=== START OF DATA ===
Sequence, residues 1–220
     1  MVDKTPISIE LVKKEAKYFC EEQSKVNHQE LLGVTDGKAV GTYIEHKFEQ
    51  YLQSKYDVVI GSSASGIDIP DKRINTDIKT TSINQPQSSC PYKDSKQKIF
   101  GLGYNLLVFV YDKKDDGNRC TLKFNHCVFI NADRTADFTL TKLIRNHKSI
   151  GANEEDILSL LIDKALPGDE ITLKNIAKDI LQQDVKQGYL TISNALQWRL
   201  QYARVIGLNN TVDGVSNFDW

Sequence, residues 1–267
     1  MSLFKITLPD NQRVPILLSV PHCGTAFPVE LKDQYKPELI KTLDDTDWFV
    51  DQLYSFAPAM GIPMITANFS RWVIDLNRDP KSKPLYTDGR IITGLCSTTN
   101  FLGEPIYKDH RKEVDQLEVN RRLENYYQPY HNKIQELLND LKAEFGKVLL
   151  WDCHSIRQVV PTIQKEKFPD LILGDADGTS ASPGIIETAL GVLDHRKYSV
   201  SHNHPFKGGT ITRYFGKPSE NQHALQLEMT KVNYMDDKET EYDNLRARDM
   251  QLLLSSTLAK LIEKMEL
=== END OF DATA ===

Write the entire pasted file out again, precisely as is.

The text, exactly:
Sequence, residues 1–220
     1  MVDKTPISIE LVKKEAKYFC EEQSKVNHQE LLGVTDGKAV GTYIEHKFEQ
    51  YLQSKYDVVI GSSASGIDIP DKRINTDIKT TSINQPQSSC PYKDSKQKIF
   101  GLGYNLLVFV YDKKDDGNRC TLKFNHCVFI NADRTADFTL TKLIRNHKSI
   151  GANEEDILSL LIDKALPGDE ITLKNIAKDI LQQDVKQGYL TISNALQWRL
   201  QYARVIGLNN TVDGVSNFDW

Sequence, residues 1–267
     1  MSLFKITLPD NQRVPILLSV PHCGTAFPVE LKDQYKPELI KTLDDTDWFV
    51  DQLYSFAPAM GIPMITANFS RWVIDLNRDP KSKPLYTDGR IITGLCSTTN
   101  FLGEPIYKDH RKEVDQLEVN RRLENYYQPY HNKIQELLND LKAEFGKVLL
   151  WDCHSIRQVV PTIQKEKFPD LILGDADGTS ASPGIIETAL GVLDHRKYSV
   201  SHNHPFKGGT ITRYFGKPSE NQHALQLEMT KVNYMDDKET EYDNLRARDM
   251  QLLLSSTLAK LIEKMEL